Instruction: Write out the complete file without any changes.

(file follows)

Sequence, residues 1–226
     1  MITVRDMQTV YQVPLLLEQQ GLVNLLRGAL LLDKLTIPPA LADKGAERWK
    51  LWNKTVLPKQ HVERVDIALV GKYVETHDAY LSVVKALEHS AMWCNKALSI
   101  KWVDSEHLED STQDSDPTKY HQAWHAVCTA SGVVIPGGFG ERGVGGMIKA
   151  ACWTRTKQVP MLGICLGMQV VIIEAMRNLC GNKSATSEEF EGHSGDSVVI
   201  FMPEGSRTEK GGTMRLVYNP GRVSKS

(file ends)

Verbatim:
Sequence, residues 1–226
     1  MITVRDMQTV YQVPLLLEQQ GLVNLLRGAL LLDKLTIPPA LADKGAERWK
    51  LWNKTVLPKQ HVERVDIALV GKYVETHDAY LSVVKALEHS AMWCNKALSI
   101  KWVDSEHLED STQDSDPTKY HQAWHAVCTA SGVVIPGGFG ERGVGGMIKA
   151  ACWTRTKQVP MLGICLGMQV VIIEAMRNLC GNKSATSEEF EGHSGDSVVI
   201  FMPEGSRTEK GGTMRLVYNP GRVSKS